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 Elisa E. Konofagou
Department of Biomedical Engineering and Department of Radiology Columbia University 1210 Amsterdam Avenue ET 351, MC 8904 New York, New York 10027 USA
Trespassing the Barrier
of the Brain with Ultrasound
Focused ultrasound is a powerful tool for overcoming the immense hurdles in drug delivery that are posed in brain therapeutics.
The Blood-Brain Barrier Physiology:
Structure and Function
The brain is critical to the function of the whole body. Thus, any compromise of the brain by toxic molecules circulating in the blood could be fatal to the organ- ism. As a consequence, the brain has its own unique defense system to protect against toxic molecules. This defense system is mainly composed of the blood- brain barrier (BBB), which, as its name denotes, is a barrier or “filter” between the blood circulation in the brain and the brain tissue itself. In other words, the brain is protected from toxic molecules more stringently than is the rest of the body because of the BBB.
The BBB constitutes a collection of different cells (Figure 1) that contribute to this structural and functional barrier. Each of these cells has its own function of either transporting a molecule from the blood circulation into the brain tissue or parenchyma or allowing a molecule to diffuse due to its specific size, just as any other filter would do. For example, the most common feature of the BBB are the tight junctions, which are specialized proteins that connect the cells along the inner linings of the blood vessels (also known as “endothelial cells”), thus allow- ing only very small molecules (<400 Da in molecular weight or <1 nm in size) to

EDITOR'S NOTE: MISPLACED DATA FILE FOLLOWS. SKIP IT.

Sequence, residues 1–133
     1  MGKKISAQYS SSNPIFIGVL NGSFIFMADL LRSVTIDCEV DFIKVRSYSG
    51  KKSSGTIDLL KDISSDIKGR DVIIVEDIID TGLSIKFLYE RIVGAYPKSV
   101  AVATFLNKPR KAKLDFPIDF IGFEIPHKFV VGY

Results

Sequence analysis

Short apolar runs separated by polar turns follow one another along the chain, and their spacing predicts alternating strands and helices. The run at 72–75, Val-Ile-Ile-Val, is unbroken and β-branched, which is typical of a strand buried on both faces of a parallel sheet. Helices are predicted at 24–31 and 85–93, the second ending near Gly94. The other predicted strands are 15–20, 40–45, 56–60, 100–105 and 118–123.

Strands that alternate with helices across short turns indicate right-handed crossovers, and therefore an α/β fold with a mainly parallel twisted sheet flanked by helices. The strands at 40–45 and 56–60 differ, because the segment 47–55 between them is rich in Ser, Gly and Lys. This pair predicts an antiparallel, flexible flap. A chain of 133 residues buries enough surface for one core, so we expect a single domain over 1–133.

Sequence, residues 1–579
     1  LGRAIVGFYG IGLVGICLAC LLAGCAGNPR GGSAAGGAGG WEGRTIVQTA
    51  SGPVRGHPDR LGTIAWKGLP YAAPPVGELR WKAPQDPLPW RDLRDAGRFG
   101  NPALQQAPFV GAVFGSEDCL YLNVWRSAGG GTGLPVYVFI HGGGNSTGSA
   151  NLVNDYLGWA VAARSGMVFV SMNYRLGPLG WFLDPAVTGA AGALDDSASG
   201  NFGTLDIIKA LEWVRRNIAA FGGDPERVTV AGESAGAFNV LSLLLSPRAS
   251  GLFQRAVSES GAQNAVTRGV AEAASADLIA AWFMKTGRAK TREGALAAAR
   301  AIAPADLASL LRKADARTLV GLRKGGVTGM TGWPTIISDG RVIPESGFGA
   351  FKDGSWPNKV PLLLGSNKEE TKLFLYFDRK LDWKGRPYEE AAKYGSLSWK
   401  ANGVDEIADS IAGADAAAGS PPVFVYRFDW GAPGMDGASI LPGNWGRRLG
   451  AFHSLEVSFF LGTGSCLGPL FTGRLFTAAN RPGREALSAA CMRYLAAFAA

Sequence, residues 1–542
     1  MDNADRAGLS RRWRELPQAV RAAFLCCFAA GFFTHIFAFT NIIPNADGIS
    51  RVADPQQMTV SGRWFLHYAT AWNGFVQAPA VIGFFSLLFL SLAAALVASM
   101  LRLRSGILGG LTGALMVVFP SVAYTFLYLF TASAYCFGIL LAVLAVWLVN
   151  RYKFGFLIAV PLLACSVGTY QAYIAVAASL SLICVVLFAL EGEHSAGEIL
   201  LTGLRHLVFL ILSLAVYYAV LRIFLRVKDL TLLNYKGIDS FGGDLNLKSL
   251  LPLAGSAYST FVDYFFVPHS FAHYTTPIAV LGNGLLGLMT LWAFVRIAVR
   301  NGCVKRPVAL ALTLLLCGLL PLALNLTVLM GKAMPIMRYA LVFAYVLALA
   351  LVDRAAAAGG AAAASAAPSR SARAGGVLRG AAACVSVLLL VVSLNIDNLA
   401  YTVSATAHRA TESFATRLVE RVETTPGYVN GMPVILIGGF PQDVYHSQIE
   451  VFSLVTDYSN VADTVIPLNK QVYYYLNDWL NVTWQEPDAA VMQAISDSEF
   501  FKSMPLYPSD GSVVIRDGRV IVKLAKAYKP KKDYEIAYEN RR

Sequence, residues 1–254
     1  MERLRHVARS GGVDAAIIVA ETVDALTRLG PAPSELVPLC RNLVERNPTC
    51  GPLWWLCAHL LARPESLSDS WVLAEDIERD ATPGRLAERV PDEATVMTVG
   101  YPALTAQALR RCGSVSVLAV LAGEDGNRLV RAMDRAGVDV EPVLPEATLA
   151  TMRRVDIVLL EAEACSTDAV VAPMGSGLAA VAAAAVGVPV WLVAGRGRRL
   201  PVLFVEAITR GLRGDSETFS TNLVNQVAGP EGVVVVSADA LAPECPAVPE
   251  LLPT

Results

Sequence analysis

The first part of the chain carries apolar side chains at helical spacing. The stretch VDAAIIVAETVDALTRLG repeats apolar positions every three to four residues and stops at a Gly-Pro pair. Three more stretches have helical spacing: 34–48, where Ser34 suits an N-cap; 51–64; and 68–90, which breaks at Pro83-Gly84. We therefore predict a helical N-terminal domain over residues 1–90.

Figure 1. The blood-brain barrier (BBB) and its constituents. The lumen is from a capillary of the circulatory system and the surrounding cells con- stitute the BBB. Brain parenchyma represents the tissues of the brain.
cross (Pardridge, 2015). The endo- thelial cells also have membranes that further filter molecules. The combination of the tight junctions and those membranes provide the filtering mechanism of the BBB. Other cells such as astrocytes and pericytes serve as mechanical ab- sorbers and thus provide a protec- tive mechanism of the neurons to any mechanical effect (Abbott et al., 2006).
The BBB and Neurotherapeutics According to the National Center of Health Statistics (http://www., more than 5.4 million Americans
 are currently diagnosed with Alzheimer’s disease, 1 million with Parkinson’s dis- ease, 350,000 with multiple sclerosis, 20,000 with amyotrophic lateral sclerosis (ALS), and 10,000 with brain cancer. Worldwide, these diseases account for more
©2017 Acoustical Society of America. All rights reserved. volume 13, issue 4 | Winter 2017 | Acoustics Today | 21

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